I couldn’t believe my luck. I had a lot of expectation when visiting the Mobile World Congress (MWC) in Barcelona this year. Winning a Nokia Lumia 800 wasn’t one of those expectations at all. It was great! It made me feel like this Windows Phone could be the best replacement for my old Sony Ericsson Xperia mini 10.
Lolly Nokia Popping
I won the phone because I was lucky to get a lollipop at the Nokia Booth, within the App Planet area at MWC. The lolly was packaged with a small carton. Inside the carton was a little note saying: “Congratulations, you’ve just won a Nokia Lumia 800!”. Unfortunately winning this phone turned out to be the first major disconnection between me and my friends ever since I went online with a mobile device for the first time, years ago.
“I needed a new one for a long time
so this is awesome!”
It’s great winning a phone. A big blonde cameraman pointed this huge TV-camera at my face (of which I have no idea where the video-material had gone) while a Nokia representative handed over the phone, asking me how this felt, having won a 600+ euro Nokia. “Great,” I replied. “I needed a new one for a long time so this is awesome!”
Two weeks after having configured the phone in my hotel room in Barcelona, importing my contacts and trying to figure out why the push-up notifications of Whatsapp didn’t work, my battery went down. I already noticed before, that the battery life didn’t last longer then a morning and midday, while using it for ordinary purposes. In short, I had to power it every time I got home after my job. So I got home one evening, connected my Lumia 800 to the charger and went to bed. The next day I woke up I tried booting it up. Nothing happened…
Google ‘Lumia battery troubles’
So I started to Google around, looking for ways to do a soft and hard reset. These options didn’t have any effect. During my ‘Google’ journey though, I found out I wasn’t the only one. If you’re interested, have a look at these Google search results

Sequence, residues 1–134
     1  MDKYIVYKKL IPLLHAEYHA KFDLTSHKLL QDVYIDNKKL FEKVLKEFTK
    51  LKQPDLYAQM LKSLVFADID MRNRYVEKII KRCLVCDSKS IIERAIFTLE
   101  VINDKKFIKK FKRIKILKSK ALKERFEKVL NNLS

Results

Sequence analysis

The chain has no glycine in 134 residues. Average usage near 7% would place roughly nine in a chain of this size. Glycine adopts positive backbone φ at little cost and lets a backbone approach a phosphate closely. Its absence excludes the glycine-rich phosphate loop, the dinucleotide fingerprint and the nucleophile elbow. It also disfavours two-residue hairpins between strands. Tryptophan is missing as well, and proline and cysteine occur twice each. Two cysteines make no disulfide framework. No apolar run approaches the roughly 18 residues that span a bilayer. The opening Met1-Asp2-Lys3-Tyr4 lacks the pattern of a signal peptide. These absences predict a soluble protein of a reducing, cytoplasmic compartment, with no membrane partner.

to get an idea about the major problems Lumia 800 users run into.
Eventually I ended up sending my phone to a repair center in The Netherlands. Nokia’s online (automatic) support service told me I had to send it to that address. A day after sending it though, I received a DM on Twitter from Nokia’s customer service. It said I had to send it to a different address and that I would receive an envelope to send it, while my Nokia was already on its way…
Two days later I got an email from the repair center, saying my battery was missing when receiving the phone. Let me tell you what, the design of this Nokia Lumia 800 doesn’t have a removable battery! When commenting on this throughout the email though, the repair center simply told me that wasn’t their concern but Nokia’s…!? Nokia ended up apologizing for this mistake in the end, but it’s a weird mistake in the end isn’t it?
Nokia made a promise once and truly kept it for some time. Now it seems they’re trying way too hard connecting people, losing sight of their goals and focus on user experience and hardware compatibility. Thanks to everything described above I was disconnected from people… Luckily I could retrieve an old phone later to get in touch with friends and colleagues. So the story continues. I’ve been in this circus for almost four weeks now and I wonder how much longer it will take. Till that time I’m stuck with my Xperia thingy and a lousy envelope…
It’s great winning a phone, as long as it works.